BASP Tower

Summit Park is built on the site of the old Blue Ash Airport, so it seemed to the city of Blue Ash, that there should be an observation tower at the park. Not only was the site an old airport, it is located on the highest piece of ground in the area. That was that… There was to be a tower built that was a reference to the former airport… (Ironically, the Blue Ash Airport was a very small airport, where only single engine propeller planes where allowed, and there was no tower of any sort, unless you count a tall ladder at the main hanger)

A tower was to be built, and it was to be located at the end of the Great Lawn of the park.

As the height of the tower was debated, several methods were used to see; at what height would you see anything worth seeing? First, a ladder truck from the firehouse was brought to the site and the ladder was extended to as high a height as it could reach. Approximately 80-90 feet above the ground level. Not high enough.

Then a hot air balloon was deployed. Tethered to the ground, the balloon was raised and pictures were taken. Not totally effective. The day was a bit windy and the sky a bit hazy.

No decision on the height was made.

Then a drone was sent up. (You might ask why a drone wasn’t used the first time. In 2013, when the park was being designed, drones were not a thing for just anyone to use. As the park and subsequently the tower was designed, drones became more readily available). The drone was equipped with a camera and was instructed to take photographs a full 360 degrees around the center point of where the tower would be built. Pictures were taken at various heights. The photographs would be used to find the right height).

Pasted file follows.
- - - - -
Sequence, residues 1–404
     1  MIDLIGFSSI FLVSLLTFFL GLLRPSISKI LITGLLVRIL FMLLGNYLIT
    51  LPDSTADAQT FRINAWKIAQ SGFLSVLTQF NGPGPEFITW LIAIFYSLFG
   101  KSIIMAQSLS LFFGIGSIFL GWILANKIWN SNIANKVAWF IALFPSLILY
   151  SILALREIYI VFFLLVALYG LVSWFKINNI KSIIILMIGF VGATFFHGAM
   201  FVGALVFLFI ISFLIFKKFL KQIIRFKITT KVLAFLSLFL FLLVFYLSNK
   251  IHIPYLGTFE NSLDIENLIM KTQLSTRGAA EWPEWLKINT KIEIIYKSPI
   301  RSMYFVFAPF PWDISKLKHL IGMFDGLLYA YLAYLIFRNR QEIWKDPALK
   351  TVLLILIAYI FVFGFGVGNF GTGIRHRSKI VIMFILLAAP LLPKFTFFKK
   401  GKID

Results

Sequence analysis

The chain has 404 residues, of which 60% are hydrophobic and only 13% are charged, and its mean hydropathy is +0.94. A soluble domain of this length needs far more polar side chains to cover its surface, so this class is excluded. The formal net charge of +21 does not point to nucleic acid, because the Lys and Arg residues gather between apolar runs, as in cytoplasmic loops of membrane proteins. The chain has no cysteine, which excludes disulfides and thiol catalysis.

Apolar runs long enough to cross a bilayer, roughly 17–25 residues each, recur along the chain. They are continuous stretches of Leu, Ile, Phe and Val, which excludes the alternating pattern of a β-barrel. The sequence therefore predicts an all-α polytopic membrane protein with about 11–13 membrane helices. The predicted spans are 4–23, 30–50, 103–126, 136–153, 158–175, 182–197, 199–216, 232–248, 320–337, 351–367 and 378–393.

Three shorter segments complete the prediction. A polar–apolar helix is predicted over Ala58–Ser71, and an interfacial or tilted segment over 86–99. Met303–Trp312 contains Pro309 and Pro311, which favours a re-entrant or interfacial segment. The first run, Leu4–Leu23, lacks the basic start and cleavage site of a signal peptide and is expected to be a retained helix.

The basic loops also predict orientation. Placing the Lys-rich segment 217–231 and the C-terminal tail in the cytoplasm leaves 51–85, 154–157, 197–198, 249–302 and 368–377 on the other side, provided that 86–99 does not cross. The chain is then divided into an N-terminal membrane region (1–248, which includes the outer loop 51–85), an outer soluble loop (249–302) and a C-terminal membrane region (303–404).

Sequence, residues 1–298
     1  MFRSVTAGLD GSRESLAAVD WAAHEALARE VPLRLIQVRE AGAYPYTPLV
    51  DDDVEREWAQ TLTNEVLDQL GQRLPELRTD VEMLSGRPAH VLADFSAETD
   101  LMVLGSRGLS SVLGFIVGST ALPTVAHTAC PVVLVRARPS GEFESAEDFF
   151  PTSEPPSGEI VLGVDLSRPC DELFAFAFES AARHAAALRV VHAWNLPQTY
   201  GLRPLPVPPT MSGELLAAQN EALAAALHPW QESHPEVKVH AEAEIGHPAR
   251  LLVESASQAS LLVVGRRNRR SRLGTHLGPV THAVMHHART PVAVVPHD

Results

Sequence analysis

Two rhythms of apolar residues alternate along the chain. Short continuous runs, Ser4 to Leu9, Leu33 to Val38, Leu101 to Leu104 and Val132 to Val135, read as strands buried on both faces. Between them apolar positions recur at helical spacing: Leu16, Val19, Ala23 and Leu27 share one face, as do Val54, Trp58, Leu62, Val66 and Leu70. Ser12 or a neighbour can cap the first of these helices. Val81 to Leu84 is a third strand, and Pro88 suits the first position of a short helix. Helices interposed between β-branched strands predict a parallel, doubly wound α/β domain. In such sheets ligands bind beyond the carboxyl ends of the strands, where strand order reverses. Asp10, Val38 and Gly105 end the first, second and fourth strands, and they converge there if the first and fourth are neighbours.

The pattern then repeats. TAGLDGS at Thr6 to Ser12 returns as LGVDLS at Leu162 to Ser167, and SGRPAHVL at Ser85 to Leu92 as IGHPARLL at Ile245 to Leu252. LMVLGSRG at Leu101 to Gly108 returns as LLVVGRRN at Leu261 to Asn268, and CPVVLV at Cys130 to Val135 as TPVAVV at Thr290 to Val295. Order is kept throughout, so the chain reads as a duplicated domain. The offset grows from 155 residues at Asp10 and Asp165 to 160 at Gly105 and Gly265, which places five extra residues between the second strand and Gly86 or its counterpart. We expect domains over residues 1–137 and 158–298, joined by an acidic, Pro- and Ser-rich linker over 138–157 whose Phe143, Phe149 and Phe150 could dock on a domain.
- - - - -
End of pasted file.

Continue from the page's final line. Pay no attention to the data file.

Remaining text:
The drone took pictures starting at 50 feet from the ground, and took photos every 25 higher till it reached 200 feet. Once the photos were studied, it was clear what the height should be. Blue Ash is located about 11 miles northeast from downtown Cincinnati, and …

Why would you make certain that a view from the tower could catch the Cincinnati skyline? One would think that the higher you go the better the view, but that was not what was determined.

It seemed that at heights lower than 150 feet from the ground you couldn’t see the skyline at all because a hillside full of trees towards the city blocked any view. And, at heights higher than 150 feet +/-, the skyline could be seen, but behind the image of the skyline were the hillsides of Northern Kentucky, and it would is difficult to make out the tops of the buildings. At 150 feet, you can see the profile of the skyline rise above the hillsides beyond.

So, 150 feet was the magic height.

The observation platform allows people to be able to see 360 degrees around the area, but most visitors want to see downtown Cincinnati.

Another interesting note about the location of the downtown Cincinnati skyline as it relates to the tower, is that most people think the tower is located so that the Cincinnati skyline is directly to the south of the tower. (People just think that Blue Ash is north of the city, so . . . . . . . . The city must be south). But the skyline view is to the east southeast, and many people fail to locate it for quite a long time, absolutely certain that the skyline is south.

Look to the far east side of the park and a bit to the south. You’ll find the downtown Cincinnati skyline.

BASP Balloon
Hot air balloon used to determine the optimal height of the tower.